I have been tardy in updating on the success of the Sproutapouch, hence the poor photograph for which I apologise.
As you can see the seeds have really sprouted. In fact I think it was day 5 that I came home to discover a bag of green leaves. They are a little leggy now and have probably got too tall.
The seeds I chose were Rocket and the idea behind microleaves is that the flavour is intensified in the small seed leaves however I have to beg to differ in this case. I have found these leaves quite bland compared to the rocket I would grow in the garden, although I don’t know exactly what that the seed was compared to what I grow in the garden.
My other criticism of this form of salad leaf growing is that unlike cut and come again salad leaves once the micro leaves have been picked that’s it. If you remove the seed leaves then the plant has no way of producing more leaves. The cost of this packet is high, in my opinion, compared to the cost of a bag of salad leaves which is greater in volume.
I know I could just buy a packet of seeds and get lots of micro leaves but I have to confess that they aren’t my preference but it has been an interesting experiment.
I suspect I am suffering from a need to get outside and start gardening as I have started to be very interested in kits for growing salad leaves inside. Now I don’t tend to eat salad all year round as I associate salads with warm weather but I do like a bit of greenery in my work lunch sandwiches and buy the odd bag of salad leaves. I also suspect that the chatter on twitter and some gardening blogs about salad leaves has penetrated my consciousness and made me start considering growing some leaves. I blame Michelle over at VegPlotting who has issued a challenge for bloggers to try to grow salads for 52 weeks of the year. At the moment many of them seem to be into sprouting beans/seeds but I have tried these before when they came in my veg box and I just can’t eat them.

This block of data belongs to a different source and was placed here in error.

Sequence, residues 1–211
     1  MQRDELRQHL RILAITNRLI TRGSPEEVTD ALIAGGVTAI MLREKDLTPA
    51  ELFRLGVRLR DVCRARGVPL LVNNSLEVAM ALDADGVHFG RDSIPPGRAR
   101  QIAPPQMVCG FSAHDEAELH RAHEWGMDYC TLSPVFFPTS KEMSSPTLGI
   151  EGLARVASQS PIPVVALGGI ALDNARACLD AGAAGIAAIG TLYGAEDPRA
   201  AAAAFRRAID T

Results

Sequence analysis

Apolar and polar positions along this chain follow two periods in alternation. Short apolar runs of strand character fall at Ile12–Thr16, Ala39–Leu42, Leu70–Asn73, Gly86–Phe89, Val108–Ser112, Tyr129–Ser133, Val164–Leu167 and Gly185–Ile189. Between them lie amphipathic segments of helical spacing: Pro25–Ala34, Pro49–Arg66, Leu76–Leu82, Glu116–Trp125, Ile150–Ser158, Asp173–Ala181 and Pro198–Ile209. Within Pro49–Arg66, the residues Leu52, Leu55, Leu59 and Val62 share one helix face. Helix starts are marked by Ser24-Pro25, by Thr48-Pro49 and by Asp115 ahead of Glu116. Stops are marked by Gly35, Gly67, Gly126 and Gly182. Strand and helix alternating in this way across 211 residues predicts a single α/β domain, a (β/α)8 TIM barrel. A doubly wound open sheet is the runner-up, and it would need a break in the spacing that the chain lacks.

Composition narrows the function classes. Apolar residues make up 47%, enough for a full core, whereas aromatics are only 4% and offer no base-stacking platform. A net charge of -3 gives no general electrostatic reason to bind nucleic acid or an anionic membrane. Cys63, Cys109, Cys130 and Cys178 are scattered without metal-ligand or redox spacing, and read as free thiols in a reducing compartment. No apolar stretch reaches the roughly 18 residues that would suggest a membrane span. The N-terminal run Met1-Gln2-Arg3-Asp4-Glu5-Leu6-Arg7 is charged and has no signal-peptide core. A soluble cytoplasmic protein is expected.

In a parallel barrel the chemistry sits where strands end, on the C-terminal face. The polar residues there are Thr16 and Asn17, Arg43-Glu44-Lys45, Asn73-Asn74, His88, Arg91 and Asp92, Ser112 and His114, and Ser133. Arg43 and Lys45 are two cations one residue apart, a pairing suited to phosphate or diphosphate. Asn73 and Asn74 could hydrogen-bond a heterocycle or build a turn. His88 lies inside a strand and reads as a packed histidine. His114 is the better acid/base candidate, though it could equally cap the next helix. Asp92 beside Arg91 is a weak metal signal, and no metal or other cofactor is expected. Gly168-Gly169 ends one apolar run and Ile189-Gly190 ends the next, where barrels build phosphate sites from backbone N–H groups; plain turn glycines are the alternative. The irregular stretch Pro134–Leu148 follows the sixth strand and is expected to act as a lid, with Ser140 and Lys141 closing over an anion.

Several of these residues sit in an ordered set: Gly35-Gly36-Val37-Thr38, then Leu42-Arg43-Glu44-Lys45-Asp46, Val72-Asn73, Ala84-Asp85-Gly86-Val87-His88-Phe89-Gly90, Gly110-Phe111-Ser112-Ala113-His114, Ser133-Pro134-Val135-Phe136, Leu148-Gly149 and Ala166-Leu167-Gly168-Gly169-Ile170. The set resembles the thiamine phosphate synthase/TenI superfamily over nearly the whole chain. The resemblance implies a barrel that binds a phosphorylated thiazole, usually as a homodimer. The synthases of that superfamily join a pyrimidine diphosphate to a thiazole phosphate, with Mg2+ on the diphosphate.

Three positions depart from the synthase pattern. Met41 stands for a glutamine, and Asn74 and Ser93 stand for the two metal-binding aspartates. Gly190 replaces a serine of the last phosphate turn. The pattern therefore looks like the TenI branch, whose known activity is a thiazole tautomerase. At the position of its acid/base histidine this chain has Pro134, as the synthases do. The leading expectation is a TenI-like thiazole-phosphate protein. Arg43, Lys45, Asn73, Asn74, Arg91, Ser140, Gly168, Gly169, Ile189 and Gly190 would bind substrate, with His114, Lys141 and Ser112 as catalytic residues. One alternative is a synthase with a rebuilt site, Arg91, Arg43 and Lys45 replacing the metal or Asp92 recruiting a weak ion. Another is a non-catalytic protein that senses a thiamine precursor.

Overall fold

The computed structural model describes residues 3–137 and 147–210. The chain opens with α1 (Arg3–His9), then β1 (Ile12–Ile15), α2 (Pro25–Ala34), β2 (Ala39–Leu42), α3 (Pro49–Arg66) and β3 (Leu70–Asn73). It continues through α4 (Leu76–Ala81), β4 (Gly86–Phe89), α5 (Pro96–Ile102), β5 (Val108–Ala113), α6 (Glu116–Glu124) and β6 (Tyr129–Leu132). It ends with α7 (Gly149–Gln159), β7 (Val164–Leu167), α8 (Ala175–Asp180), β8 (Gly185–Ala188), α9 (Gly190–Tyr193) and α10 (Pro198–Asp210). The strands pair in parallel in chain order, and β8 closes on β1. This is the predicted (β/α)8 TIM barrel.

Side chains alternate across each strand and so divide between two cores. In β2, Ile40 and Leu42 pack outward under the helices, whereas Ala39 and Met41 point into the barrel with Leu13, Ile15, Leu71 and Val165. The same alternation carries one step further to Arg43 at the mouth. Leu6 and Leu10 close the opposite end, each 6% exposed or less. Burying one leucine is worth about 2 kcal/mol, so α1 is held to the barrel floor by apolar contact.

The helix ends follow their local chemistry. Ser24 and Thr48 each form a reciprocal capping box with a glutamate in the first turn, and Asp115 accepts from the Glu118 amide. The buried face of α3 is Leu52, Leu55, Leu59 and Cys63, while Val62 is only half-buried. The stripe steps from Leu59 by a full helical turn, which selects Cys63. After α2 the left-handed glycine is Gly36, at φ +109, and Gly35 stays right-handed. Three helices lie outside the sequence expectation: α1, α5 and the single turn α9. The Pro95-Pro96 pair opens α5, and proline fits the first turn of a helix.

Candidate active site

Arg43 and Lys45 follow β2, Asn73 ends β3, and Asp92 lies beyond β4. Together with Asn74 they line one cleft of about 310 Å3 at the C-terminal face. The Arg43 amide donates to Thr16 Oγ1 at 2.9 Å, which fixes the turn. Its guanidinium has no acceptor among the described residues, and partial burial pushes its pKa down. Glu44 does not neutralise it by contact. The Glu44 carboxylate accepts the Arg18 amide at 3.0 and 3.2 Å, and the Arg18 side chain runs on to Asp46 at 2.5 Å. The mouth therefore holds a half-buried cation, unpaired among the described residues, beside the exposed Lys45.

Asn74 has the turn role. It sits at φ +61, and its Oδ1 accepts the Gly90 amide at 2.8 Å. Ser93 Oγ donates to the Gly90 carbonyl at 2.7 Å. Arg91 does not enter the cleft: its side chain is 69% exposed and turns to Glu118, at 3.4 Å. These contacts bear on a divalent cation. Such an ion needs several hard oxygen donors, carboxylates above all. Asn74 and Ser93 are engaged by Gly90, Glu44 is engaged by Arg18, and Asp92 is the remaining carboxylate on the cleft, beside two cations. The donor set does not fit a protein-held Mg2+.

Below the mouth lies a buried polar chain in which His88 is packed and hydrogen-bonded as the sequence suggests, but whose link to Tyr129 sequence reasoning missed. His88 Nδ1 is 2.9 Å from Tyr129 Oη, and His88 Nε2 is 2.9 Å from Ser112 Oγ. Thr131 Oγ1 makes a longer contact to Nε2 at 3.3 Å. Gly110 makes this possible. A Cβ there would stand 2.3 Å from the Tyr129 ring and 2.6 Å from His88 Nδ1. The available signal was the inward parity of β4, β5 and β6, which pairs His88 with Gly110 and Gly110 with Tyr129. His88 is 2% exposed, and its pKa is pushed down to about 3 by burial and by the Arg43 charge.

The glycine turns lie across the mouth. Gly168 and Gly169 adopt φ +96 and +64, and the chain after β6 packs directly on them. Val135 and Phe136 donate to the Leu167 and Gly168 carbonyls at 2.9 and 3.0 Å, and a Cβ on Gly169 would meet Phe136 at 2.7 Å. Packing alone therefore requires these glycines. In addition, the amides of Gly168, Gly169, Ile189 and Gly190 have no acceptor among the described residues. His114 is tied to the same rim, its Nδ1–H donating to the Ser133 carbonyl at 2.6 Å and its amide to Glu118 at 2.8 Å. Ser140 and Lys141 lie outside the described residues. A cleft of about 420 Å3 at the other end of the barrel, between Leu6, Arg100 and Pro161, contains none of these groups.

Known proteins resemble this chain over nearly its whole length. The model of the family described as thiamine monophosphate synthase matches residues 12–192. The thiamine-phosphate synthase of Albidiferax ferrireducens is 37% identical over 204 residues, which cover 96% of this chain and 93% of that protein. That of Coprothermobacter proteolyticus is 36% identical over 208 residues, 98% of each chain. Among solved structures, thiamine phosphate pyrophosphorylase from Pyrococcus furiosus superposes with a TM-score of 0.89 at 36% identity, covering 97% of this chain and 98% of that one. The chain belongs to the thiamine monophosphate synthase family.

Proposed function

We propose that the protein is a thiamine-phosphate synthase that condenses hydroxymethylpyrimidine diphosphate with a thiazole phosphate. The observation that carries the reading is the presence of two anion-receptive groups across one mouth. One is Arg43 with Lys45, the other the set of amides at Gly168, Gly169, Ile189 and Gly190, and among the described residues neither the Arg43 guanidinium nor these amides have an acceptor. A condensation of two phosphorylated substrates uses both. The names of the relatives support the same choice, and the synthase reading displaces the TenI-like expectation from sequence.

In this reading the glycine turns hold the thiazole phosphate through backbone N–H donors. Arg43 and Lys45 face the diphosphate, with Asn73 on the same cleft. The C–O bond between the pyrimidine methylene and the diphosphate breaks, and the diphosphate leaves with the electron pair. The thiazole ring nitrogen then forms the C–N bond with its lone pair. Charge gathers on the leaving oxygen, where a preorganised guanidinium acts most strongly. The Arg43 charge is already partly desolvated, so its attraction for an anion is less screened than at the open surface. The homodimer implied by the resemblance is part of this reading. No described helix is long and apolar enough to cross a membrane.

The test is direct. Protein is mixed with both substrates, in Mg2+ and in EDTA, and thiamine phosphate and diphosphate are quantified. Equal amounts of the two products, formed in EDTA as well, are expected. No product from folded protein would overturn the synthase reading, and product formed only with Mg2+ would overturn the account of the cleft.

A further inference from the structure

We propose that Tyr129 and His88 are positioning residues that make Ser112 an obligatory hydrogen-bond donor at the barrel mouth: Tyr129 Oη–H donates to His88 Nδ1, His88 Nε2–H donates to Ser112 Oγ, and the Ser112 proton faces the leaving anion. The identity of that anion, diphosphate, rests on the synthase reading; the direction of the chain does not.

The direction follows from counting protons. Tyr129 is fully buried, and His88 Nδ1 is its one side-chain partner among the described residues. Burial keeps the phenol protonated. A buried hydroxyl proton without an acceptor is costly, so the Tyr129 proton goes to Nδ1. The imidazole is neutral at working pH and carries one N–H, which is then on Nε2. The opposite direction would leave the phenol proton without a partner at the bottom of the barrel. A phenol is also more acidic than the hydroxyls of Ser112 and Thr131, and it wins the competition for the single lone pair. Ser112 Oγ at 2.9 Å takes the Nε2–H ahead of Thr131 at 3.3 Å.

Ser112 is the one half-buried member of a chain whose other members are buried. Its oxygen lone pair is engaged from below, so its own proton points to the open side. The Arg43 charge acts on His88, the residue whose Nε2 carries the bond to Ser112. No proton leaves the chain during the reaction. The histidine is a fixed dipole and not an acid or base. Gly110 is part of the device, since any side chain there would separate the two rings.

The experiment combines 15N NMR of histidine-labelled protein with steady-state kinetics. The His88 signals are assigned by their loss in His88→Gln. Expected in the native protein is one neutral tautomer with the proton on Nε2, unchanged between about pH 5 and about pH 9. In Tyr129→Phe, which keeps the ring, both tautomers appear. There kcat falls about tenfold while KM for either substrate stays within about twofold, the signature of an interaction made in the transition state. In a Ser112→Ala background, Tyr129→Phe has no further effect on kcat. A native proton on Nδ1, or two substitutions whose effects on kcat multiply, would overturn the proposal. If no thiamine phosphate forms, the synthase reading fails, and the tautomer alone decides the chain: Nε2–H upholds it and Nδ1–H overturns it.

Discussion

Anyway I was wandering around Wilkinsons yesterday looking for a gardening fix when I came across these packets to grow micro-leaves. There are different flavours, so to speak, I choose one with lots of Rocket but you could also choose from Broccoli, Red Cabbage, Mustard or Cress. Oh and I accidentally also bought a Red Gooseberry Bush and a Fig Tree – oops.
Anyway back to the Sproutapouch. It contains a disc of Maxicoir Gold (so no peat which is good). You place the disc, about the size of an ice hockey puck, into the supplied pouch and add a certain amount of water. It was quite amazing how quickly the disc expanded and filled the bag. You shuffle it around a bit to make sure it is all wet (not completed in the above photo) and having firmed the soil you sow your seeds. Seal up the bag and place it on a light windowsill. It even comes with a special hook so you can hang it on the window – though I don’t know why I would want to do that. Then you wait and within 6-10 days you will have a crop of microleaves to sprinkle on your sandwiches, soup etc.
Now whilst I’m not trying to be cynical I have to agree with Michelle’s latest post about microgreens and the kits that are available in the shops. I can’t remember exactly how much mine cost but it was somewhere between £1 and £2, the same as a bag of salad leaves and I suspect the crop I get will not do anywhere near as many sandwiches as a bag of leaves. The whole point of Michelle’s challenge is to save money by growing your own and not buying bags of salad. As she rightly points out a packet of seeds, of a similar price to a bag of leaves, contains hundreds of seeds and you can sow them week after week you just need a little compost and a small container.
However, I do like to try these quirkier approaches and for a couple of pounds it is an amusement on a grey day though to be honest I really do prefer to eat salad leaves that have grown in the open ground and have had the sun on them, they just taste wonderful.